Violence broke out on both sides and the main coal company, Colorado Fuel and Iron (CF&I) owned by Rockefeller, hired the notoriously aggressive Baldwin-Felts Detective Agency to both protect the new coal workers and harass those striking. One of their more imposing tactics involved driving around the “Death Special”, an armored car mounted with a machine gun built at a CF&I plant, to patrol the perimeter of the tent camps. As the violence unsurprisingly escalated, Colorado’s governor called in the Colorado National Guard. I don't think they were there to protect the miners considering their wages were paid for by the Rockefeller family...but I digress. By the Spring of 1914, after a particularly harsh winter, the union was running out of money and some historians argue that the National Guard had mostly broken the strike. However, Ludlow Camp was still full of striking miners.

On the morning of April 20th, in 1914, a day after the Greek miners celebrated Orthodox Easter, 3 men from the militia—most of the National Guard had withdrawn from the area by this point in time and those that were left were joined by guards from the CF&I company mine and those hired by Baldwin-Felts— came to the camp demanding the release of a man they thought was being held there. The camp leader left to meet with the Major and, in the meantime, the guards installed a machine gun on the ridge near the camp and took up positions along the railroad and the Greek miners simultaneously began flanking the arroyo, or steep gully, and the bottom of the hill near Camp Ludlow. At some point, shots were fired and fighting ensued for an entire day. At dusk, a freight train stopped on the tracks in between the miners and the guardsmen allowing many, but not all, of the miners and families to escape. By 7 p.m. Ludlow Camp was in flames and the militia descended upon it, shooting any remaining or fleeing miners and looting the camp.

Present Day Ludlow Station Looking North Towards the Ludlow Tent Colony, Baseball Field, and Militia Camp

When searching through the ruins the next morning, the survivors came across 4 women and 11 children in the women’s infirmary. Apparently, when the tent caught fire the night before, they sought shelter in the cellar of the tent and suffocated. These deaths caught the nation’s attention and became a rallying cry for the UMWA who named the events of that fateful night the Ludlow Massacre. After this massacre came the 10 Day War where, in retaliation, the armed miners attacked dozens of guard and militia encampments, killing strikebreakers and destroying property. The miners also fought several small battles against the National Guard at several stations between Trinidad and Louisville. This prompted President Wilson to send in federal troops and instruct the Secretary of Labor to begin negotiations with the UMWA and the coal companies.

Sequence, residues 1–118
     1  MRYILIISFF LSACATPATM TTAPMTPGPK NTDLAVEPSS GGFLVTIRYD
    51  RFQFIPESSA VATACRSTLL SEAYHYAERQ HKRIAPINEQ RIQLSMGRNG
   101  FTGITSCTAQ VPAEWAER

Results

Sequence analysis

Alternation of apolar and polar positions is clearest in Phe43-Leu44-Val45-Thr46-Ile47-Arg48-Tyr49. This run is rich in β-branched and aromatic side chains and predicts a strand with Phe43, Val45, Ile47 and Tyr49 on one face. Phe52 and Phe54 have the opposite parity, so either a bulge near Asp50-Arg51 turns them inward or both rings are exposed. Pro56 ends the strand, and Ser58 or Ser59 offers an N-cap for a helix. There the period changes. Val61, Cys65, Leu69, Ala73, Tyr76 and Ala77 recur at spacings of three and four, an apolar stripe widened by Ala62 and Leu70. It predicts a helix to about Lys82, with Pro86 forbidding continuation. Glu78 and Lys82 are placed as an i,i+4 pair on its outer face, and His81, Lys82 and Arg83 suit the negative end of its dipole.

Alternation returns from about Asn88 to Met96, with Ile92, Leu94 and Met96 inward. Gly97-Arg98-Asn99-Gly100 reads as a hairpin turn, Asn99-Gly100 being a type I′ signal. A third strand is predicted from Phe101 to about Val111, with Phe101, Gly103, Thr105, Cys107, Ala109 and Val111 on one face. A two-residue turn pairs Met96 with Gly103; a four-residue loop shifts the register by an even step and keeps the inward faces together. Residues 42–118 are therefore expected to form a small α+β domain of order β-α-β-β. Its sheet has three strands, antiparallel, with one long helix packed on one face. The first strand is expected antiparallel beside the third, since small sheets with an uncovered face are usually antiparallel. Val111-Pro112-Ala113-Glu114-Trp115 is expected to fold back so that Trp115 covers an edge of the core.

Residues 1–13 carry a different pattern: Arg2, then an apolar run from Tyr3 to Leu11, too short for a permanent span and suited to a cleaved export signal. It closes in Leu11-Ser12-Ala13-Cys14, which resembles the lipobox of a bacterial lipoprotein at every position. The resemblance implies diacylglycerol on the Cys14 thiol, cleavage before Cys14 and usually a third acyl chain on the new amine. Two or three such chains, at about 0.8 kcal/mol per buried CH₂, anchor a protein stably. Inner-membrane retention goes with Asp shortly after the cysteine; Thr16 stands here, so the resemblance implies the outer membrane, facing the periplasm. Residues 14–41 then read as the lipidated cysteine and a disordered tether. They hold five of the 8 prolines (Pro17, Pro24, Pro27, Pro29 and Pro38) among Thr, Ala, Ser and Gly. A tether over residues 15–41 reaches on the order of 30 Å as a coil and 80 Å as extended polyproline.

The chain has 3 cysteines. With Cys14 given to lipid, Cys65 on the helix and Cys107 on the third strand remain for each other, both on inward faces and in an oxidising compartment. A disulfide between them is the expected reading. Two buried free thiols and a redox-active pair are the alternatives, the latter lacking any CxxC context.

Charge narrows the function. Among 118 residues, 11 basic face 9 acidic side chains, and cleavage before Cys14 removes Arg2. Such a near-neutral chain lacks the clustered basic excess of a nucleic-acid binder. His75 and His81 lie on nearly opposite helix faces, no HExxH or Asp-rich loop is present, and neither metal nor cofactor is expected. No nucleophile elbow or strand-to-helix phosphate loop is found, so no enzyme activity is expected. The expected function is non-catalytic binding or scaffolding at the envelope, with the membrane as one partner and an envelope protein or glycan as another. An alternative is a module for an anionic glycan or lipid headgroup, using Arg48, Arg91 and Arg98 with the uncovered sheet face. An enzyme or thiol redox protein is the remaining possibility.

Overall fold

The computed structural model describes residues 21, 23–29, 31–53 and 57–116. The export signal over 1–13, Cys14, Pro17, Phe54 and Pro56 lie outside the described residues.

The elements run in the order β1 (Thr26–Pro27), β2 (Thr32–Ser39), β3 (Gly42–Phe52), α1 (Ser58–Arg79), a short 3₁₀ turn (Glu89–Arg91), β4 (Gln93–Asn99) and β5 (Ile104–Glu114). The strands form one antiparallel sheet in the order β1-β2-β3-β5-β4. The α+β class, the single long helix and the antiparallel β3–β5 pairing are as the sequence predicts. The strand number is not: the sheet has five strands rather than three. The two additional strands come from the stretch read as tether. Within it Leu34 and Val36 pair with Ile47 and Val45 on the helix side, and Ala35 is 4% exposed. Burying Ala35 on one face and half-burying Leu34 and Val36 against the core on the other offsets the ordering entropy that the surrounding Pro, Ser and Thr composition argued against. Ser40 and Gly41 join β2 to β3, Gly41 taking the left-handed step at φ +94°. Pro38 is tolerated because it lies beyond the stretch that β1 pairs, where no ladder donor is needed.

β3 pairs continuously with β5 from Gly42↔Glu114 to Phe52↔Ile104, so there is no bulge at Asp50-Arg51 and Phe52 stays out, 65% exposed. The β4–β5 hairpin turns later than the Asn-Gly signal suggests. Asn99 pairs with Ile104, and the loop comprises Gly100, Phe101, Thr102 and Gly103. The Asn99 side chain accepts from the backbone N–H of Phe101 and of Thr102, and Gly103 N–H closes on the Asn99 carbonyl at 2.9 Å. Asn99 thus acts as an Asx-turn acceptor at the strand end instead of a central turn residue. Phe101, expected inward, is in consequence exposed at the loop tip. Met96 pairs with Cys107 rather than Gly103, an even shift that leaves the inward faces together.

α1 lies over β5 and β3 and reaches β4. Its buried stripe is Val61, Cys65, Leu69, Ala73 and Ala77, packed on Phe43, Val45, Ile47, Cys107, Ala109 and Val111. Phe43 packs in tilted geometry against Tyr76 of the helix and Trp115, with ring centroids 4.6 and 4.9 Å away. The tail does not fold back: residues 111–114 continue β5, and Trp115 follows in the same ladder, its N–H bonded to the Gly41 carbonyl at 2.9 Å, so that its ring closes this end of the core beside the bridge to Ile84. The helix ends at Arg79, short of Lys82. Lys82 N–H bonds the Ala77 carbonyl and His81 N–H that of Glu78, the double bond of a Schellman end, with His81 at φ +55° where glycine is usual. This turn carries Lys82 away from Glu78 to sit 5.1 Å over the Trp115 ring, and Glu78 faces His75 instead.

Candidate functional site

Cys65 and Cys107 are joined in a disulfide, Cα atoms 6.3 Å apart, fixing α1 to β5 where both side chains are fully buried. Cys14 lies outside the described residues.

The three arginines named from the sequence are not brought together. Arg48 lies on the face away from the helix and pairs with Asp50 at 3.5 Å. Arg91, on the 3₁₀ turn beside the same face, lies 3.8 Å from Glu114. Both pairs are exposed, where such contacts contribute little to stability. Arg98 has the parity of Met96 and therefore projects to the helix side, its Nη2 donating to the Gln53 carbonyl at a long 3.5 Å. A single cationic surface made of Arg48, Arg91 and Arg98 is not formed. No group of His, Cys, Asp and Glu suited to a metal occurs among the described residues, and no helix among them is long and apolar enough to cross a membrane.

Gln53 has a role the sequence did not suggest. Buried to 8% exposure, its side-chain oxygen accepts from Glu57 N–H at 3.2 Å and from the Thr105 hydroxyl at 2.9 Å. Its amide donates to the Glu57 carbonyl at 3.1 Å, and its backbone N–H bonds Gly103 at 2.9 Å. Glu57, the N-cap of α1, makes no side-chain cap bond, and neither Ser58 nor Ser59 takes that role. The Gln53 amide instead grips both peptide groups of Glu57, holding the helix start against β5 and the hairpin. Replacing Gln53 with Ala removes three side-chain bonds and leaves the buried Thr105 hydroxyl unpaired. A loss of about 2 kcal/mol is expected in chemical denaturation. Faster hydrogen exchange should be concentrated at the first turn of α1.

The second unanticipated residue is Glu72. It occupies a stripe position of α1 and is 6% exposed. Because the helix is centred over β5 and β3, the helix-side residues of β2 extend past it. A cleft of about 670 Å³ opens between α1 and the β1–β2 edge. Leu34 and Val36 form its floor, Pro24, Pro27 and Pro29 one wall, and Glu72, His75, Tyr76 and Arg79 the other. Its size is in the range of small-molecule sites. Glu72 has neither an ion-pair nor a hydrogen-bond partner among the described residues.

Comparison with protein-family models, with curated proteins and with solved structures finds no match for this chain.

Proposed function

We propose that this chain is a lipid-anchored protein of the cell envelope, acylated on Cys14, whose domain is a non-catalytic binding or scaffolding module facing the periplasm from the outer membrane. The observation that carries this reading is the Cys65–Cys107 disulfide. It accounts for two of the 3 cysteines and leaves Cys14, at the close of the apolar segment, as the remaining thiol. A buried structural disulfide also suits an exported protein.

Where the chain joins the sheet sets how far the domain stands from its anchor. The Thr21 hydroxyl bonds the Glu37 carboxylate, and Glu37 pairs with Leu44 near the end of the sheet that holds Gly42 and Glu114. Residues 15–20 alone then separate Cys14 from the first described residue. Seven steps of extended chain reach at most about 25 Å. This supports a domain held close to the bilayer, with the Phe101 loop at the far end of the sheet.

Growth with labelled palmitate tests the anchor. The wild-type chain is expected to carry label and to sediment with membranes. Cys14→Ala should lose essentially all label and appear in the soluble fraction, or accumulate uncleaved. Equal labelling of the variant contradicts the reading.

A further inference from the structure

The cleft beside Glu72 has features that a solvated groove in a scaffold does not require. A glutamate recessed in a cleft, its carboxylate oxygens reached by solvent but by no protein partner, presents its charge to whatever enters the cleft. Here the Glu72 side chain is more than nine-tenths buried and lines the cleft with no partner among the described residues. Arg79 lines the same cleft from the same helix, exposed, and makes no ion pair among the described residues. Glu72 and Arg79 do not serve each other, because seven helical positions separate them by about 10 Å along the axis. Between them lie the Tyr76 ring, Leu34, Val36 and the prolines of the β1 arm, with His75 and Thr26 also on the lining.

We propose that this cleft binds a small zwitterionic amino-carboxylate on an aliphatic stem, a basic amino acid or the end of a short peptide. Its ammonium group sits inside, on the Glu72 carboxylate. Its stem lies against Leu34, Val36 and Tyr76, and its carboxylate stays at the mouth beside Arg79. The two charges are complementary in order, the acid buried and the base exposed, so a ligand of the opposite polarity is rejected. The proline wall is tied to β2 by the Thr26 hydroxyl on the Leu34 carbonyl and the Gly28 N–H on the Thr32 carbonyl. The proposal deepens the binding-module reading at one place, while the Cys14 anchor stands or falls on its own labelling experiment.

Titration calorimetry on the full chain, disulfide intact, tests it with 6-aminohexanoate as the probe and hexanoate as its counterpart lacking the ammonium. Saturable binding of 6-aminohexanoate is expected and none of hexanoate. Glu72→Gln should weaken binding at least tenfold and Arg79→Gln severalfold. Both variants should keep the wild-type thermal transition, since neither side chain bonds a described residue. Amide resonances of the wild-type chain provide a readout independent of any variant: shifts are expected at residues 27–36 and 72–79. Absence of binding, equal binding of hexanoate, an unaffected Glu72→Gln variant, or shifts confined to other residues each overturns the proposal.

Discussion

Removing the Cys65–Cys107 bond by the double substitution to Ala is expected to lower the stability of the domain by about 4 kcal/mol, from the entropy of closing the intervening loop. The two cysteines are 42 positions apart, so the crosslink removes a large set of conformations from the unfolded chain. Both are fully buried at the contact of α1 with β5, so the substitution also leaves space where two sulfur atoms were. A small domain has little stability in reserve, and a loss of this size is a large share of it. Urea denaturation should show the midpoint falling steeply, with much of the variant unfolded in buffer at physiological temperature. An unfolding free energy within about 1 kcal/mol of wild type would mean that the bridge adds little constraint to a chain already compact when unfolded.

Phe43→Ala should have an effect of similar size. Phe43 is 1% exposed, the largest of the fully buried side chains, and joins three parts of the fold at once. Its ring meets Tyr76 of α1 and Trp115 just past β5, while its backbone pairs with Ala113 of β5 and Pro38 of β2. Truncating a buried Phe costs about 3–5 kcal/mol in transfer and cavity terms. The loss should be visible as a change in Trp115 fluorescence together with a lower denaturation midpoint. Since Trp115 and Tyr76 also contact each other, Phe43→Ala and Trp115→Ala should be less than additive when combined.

Sadly, there is no happy ending to this story. The Union ran out of money in December 1914 which ended the strikes and there were no immediate structural changes. The UMWA’s list of demands were not met, the Union was not recognized, and the striking miners had been replaced. Some of the National Guardsmen were court-martialed and other leaders of the militia were brought up on charges of murder, arson, and manslaughter, but all were acquitted. Only John J. Lawson, leader of the District 15 of the UMWA and the strike, was convicted of the murder of a deputy sheriff who had died during the Ludlow Massacre and sentenced to life at hard labor. This was later overturned by the Colorado Supreme Court in 1917.

In Jun 1914, Rockefeller did hire people to create what would eventually be known as the Colorado Industrial Plan, a system where miners could have internal representation but true change, for the better, did not happen until decades later. The Coal Wars continued with the Matewan Massacre in 1920 and the Battle of Blaire Mountain in 1921 in West Virginia and the Herrin Massacre in Illinois in 1922. In 1946 there was a nationwide strike that ended with the Krug-Lewis Agreement between the U.S. Government and the UMWA that created a welfare and retirement fund for miners, a separate medical and hospital fund, and guaranteed retirement security for coal miners and their families. In 1952 the Federal Coal Mine Safety Act was passed and later expanded in 1966. But the UMWA’s activism and fight against the coal companies did not end there. They are still fighting to this day to expand and improve medical coverage and compensation for Black Lung. Ben Mauk, in The New Yorker, writes, “A different kind of violence is visited upon today’s miners. There are no overt, bloody showdowns between striking workers and armed National Guardsmen whose paychecks come from corporate barons. But industry money—in the form of fees paid by mine companies for consultant work—still appears to influence the diagnoses of doctors and radiologists, according to copious research compiled by the Center [Black Lung Data and Resource Center]. And the coal industry’s go-to law firm withheld dissenting medical evidence that supported miners’ claims in 11 of the 15 cases featured in the report. As a result, ailing and dying miners are denied the support they are owed.”